18 October 2007

Me to We: Young individuals making a difference

Young individuals that try the make a bit of a better place inspire a lot. Yes, we all admire the Dalai Lama, Muhammad Yunus and Nelson Mandela. Young change makers have the advantage that it is much easier to identify with them. Seeing the (com)passion of young people not accepting the old apologies why the world is unfair and why it can't be changed, is refreshing and giving hope. One of the outstanding examples is Jeremy Gilley with his Peace One Day campaign and DVD I blogged about here.

The latest example I came across are two young Canadian brother, the Kielburgers. CBC featured them:
"Craig and Marc Kielburger have made headlines around the world. Craig organized students from his grade 7 class to start an awareness campaign about child labour.
'Free the Children' was born. Now just a year before, Craig's older brother Marc spent a year in Thailand at an AIDS hospital.

Since then, 'Free the Children' has gone from being a home-run organization to one that works around the world. They've received countless awards.. Had appearances - yes plural - on Oprah. And have an on-going partnership with her Angel Network. Conversed with Mother Theresa and the Pope. Done speaking tours with the Dali Lama, Bill Clinton and Desmond Tutu."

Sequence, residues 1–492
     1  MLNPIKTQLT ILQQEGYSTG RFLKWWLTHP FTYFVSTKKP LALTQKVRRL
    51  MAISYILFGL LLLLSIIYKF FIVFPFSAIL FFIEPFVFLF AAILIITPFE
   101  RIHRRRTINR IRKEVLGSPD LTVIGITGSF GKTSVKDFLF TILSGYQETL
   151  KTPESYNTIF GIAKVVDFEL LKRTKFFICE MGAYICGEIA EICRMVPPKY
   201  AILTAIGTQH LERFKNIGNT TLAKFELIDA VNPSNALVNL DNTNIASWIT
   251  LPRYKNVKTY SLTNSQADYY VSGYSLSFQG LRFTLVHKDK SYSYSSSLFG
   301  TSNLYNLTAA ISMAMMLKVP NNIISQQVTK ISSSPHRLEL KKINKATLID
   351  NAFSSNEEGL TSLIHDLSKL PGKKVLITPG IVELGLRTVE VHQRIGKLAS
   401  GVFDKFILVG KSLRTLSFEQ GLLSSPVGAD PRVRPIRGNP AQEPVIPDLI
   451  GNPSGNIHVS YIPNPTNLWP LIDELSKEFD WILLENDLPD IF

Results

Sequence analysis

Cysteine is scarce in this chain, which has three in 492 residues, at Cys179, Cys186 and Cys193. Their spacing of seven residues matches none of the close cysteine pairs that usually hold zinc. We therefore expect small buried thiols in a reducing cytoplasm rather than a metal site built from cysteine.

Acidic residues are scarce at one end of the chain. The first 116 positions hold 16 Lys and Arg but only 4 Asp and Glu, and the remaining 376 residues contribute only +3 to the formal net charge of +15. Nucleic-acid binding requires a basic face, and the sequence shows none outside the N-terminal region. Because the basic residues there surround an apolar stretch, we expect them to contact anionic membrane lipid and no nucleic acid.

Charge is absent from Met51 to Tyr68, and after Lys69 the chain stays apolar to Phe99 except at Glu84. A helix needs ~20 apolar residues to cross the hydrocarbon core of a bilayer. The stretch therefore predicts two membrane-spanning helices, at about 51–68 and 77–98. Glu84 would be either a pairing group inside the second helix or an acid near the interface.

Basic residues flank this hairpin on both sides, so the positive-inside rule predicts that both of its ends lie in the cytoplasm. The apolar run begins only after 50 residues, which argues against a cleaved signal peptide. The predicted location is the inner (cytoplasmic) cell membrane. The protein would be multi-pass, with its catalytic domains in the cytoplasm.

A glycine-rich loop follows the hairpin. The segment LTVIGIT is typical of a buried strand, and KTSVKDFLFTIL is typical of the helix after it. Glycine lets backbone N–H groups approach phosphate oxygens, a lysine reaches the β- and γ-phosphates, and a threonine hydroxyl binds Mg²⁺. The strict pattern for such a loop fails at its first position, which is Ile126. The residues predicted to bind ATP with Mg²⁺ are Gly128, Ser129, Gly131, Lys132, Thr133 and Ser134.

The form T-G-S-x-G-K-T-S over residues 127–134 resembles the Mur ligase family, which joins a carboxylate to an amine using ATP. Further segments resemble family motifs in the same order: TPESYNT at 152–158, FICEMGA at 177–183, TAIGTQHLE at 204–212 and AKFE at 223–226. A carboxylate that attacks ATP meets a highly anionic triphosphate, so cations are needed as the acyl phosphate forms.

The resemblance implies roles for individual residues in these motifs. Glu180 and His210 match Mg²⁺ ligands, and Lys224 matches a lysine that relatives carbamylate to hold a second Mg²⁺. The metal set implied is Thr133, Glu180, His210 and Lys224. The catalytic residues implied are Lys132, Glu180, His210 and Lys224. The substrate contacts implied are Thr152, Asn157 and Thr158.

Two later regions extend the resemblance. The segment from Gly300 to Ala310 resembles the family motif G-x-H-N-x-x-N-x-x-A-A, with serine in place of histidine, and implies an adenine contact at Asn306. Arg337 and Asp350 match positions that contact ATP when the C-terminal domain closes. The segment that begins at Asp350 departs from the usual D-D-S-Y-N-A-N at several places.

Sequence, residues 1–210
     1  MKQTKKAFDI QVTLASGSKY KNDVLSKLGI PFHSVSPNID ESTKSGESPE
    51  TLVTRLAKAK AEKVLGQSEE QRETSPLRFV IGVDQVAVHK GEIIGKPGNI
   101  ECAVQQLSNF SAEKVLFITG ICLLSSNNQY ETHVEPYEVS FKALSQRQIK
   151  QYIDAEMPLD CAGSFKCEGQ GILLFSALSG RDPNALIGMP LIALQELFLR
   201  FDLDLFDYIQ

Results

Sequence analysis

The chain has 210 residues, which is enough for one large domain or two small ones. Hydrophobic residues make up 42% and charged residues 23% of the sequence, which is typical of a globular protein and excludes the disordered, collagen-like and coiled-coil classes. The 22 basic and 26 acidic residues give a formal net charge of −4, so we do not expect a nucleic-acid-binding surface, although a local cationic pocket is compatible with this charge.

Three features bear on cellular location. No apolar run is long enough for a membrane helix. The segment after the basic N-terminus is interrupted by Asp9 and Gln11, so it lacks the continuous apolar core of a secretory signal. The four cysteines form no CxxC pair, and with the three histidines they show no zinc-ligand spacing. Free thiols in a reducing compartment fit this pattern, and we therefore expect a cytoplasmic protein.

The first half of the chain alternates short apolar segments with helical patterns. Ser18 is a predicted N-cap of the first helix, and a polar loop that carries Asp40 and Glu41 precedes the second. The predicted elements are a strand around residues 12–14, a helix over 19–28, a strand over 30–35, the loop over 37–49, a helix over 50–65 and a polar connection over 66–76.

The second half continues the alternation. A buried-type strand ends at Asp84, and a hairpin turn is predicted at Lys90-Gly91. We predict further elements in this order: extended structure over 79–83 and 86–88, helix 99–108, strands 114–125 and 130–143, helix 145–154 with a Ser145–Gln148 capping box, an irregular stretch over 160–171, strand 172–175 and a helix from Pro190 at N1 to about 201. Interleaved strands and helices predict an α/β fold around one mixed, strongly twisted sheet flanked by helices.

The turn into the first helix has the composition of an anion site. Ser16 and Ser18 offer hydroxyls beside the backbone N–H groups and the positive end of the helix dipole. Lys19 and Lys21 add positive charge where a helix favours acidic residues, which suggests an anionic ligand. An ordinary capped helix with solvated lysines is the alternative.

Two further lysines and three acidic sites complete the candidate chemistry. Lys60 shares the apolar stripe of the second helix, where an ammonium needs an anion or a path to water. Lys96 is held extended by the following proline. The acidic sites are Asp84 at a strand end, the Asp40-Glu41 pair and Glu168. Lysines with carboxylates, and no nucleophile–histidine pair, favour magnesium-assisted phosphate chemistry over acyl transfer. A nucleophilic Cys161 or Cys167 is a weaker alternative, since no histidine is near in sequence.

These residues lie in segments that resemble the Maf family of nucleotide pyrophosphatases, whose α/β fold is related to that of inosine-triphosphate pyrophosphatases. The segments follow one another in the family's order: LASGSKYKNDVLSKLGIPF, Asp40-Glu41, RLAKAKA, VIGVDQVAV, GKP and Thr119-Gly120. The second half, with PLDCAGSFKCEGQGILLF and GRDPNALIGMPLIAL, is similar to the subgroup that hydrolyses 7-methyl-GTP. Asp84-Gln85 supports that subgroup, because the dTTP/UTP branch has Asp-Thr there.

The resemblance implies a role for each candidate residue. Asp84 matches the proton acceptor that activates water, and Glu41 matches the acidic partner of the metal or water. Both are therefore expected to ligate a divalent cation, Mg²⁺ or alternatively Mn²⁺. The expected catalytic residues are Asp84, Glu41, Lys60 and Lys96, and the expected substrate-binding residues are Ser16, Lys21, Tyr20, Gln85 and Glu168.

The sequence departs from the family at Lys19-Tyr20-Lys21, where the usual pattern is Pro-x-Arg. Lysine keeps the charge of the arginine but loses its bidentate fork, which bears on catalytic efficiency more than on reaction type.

They also founded a business4good called Me to We Style selling organic fair trade clothing and doanting 50% of its profits to their charity. They even wrote a book 'Me to We: Finding Meaning in a Material World.'

Check out their interview on CBC!

17 October 2007

Mobile phones: the single most transformative technology for development

Mobile phones are clearly business4good. I have read plenty of articles about specific solutions using mobile phones in the developing world - including the Kenyan mobile4good example. This this BusinessWeek article sums it up nicely:

"What would a Kenyan farmer want with a mobile phone?
Plenty, as it turns out. To the astonishment of the industry, people living on a few dollars a day have proven avid phone users, and in many parts of the world cellular airtime has become a de facto currency. The reason is simple: A mobile phone can dramatically improve living standards by saving wasted trips, providing information about crop prices, summoning medical help, and even serving as a conduit to banking services.